To be sure, courts will not blindly apply the presumption in favor of arbitrability, overlooking crucial nuances of the dispute before them. We must carefully consider any claims that the agreement—including its arbitration clause—was not executed properly. Granite Rock, 130 S.Ct. at 2855–59. Indeed, “where the dispute at issue concerns contract formation, the dispute is generally for courts to decide.” Id. at 2855–56. Thus where a contract commits to arbitration those matters “arising under” the agreement, we may not submit questions of contract formation to the arbitrator, as those questions cannot “arise under” an agreement that was never validly formed. Id. at 2860–61. The Court in Granite Rock focused its discussion on rejecting a party's argument that precedent “require[s] arbitration of certain disputes ․ based on policy grounds even where evidence of the parties' agreement to arbitrate the dispute in question is lacking.” Id. at 2858; see also Cent. W. Va. Energy, Inc. v. Bayer Crop-science LP, 645 F.3d 267, 277 n.11 (4th Cir.2011) (limiting import of Granite Rock to disputes revolving around contract formation).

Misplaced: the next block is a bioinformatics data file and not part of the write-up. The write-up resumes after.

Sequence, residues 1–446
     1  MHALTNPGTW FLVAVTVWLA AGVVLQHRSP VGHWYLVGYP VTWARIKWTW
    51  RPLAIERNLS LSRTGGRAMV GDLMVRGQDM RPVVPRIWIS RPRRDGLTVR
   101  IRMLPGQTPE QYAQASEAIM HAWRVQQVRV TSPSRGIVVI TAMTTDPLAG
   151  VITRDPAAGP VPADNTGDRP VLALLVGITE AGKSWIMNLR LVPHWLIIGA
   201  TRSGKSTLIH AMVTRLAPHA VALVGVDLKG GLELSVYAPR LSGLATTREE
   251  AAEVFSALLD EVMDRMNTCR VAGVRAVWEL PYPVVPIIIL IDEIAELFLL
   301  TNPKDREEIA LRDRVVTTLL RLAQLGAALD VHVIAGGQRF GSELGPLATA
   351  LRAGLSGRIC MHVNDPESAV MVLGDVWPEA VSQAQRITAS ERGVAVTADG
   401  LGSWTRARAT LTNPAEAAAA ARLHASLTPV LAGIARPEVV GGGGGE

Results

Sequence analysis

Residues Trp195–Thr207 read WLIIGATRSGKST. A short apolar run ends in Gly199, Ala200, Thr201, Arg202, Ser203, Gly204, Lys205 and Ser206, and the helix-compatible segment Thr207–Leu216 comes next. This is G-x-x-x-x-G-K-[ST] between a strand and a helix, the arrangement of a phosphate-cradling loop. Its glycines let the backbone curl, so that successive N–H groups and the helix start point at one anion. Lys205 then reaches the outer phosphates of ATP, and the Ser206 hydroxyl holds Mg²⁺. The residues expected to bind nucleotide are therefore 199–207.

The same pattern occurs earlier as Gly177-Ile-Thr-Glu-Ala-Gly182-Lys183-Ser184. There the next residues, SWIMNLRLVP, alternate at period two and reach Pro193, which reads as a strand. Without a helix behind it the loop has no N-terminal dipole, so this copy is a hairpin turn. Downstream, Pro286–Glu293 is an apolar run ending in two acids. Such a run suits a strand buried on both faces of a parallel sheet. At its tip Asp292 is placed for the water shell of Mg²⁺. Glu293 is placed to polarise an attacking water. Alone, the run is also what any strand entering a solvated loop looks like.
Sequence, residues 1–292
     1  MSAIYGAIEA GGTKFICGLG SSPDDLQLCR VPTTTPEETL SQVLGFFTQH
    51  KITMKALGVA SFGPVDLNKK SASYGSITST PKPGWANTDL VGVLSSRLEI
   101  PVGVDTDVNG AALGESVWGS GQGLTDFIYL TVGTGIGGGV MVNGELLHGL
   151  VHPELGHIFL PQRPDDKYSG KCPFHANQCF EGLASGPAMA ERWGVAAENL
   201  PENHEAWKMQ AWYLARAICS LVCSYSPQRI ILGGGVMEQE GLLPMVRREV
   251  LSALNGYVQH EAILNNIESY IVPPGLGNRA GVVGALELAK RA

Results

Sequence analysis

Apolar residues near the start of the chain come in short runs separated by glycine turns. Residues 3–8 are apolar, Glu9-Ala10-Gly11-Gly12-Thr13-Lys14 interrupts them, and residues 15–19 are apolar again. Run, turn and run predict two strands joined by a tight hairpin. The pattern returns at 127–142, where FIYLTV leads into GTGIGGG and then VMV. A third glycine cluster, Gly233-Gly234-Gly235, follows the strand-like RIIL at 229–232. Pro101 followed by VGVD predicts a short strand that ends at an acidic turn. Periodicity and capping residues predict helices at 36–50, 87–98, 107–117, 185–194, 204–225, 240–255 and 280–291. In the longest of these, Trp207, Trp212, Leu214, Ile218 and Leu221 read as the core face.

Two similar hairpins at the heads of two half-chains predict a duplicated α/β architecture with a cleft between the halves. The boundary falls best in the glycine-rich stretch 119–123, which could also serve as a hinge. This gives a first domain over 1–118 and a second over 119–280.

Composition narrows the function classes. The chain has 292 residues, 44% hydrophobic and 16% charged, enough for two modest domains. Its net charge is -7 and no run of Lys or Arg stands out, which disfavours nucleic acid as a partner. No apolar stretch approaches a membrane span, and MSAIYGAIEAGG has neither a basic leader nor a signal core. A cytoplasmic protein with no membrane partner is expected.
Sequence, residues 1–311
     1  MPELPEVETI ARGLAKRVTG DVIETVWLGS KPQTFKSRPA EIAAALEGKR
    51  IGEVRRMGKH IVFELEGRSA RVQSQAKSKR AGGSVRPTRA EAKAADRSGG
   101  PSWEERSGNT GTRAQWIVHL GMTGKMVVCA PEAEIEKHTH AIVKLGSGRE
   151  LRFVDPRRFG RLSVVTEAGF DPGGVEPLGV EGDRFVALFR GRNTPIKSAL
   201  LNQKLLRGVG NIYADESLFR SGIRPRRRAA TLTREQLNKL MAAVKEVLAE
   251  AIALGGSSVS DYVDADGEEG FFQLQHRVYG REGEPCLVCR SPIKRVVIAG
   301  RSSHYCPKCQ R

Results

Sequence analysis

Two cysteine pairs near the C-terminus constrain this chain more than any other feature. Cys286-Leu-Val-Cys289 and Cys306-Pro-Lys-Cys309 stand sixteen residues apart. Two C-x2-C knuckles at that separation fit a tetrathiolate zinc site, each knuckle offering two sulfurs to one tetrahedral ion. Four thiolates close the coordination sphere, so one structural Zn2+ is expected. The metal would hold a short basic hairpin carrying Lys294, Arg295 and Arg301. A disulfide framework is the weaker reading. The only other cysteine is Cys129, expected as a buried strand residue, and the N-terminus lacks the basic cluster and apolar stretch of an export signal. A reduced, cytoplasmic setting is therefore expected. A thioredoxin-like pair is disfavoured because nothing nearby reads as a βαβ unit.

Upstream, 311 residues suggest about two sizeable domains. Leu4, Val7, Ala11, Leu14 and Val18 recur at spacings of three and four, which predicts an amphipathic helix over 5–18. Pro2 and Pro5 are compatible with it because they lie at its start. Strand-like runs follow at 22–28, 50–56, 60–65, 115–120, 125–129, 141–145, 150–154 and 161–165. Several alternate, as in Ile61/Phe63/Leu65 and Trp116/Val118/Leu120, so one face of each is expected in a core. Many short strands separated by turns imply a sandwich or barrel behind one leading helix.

We have similarly held that, in a narrow class of cases, courts—not arbitrators—must decide questions of contract duration. Va. Carolina Tools, 984 F.2d at 115–118. In Virginia Carolina Tools, we confronted a dispute involving an option agreement containing an arbitration clause covering “any dispute aris[ing] between the parties.” Id. at 115. The parties agreed that the option provision as written had expired before the claim at issue arose, but they disagreed as to whether subsequent oral discussions constituted a new option agreement. Id. In that case, we thought “it proper to accord [the presumption in favor of arbitrability] less force in respect of contract duration issues than is appropriate in respect of disputes arising under a contract whose own continuation is unchallenged.” Id. at 118. A critical element of the dispute convinced us that the matter was not arbitrable. The contract included an express termination-date provision, which the parties agreed extinguished the obligations under the contract—at least as written. Id. As a result of the clear durational limitation enshrined in the contract, we concluded that there was “no incipient issue of contract duration in the parties' memorialized agreement, hence no built-in likelihood of dispute over its duration.” Id.